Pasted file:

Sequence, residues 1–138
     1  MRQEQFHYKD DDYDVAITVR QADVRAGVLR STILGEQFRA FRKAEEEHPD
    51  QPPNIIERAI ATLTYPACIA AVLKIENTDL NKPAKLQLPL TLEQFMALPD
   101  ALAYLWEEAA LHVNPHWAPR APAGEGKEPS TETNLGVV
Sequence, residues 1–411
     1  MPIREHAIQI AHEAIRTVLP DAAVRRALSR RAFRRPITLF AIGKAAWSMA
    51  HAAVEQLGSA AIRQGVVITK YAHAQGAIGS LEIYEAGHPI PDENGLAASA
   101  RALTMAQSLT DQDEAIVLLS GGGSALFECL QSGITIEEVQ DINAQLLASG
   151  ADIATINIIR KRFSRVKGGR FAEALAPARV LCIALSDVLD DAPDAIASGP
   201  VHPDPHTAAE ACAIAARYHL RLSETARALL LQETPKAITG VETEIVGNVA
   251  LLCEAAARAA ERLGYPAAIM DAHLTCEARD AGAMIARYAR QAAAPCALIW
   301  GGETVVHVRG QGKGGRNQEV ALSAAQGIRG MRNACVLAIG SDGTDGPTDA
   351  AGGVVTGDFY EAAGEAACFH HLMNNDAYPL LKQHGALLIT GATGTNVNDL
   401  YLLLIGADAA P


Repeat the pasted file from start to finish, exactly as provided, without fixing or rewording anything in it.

Sequence, residues 1–138
     1  MRQEQFHYKD DDYDVAITVR QADVRAGVLR STILGEQFRA FRKAEEEHPD
    51  QPPNIIERAI ATLTYPACIA AVLKIENTDL NKPAKLQLPL TLEQFMALPD
   101  ALAYLWEEAA LHVNPHWAPR APAGEGKEPS TETNLGVV
Sequence, residues 1–411
     1  MPIREHAIQI AHEAIRTVLP DAAVRRALSR RAFRRPITLF AIGKAAWSMA
    51  HAAVEQLGSA AIRQGVVITK YAHAQGAIGS LEIYEAGHPI PDENGLAASA
   101  RALTMAQSLT DQDEAIVLLS GGGSALFECL QSGITIEEVQ DINAQLLASG
   151  ADIATINIIR KRFSRVKGGR FAEALAPARV LCIALSDVLD DAPDAIASGP
   201  VHPDPHTAAE ACAIAARYHL RLSETARALL LQETPKAITG VETEIVGNVA
   251  LLCEAAARAA ERLGYPAAIM DAHLTCEARD AGAMIARYAR QAAAPCALIW
   301  GGETVVHVRG QGKGGRNQEV ALSAAQGIRG MRNACVLAIG SDGTDGPTDA
   351  AGGVVTGDFY EAAGEAACFH HLMNNDAYPL LKQHGALLIT GATGTNVNDL
   401  YLLLIGADAA P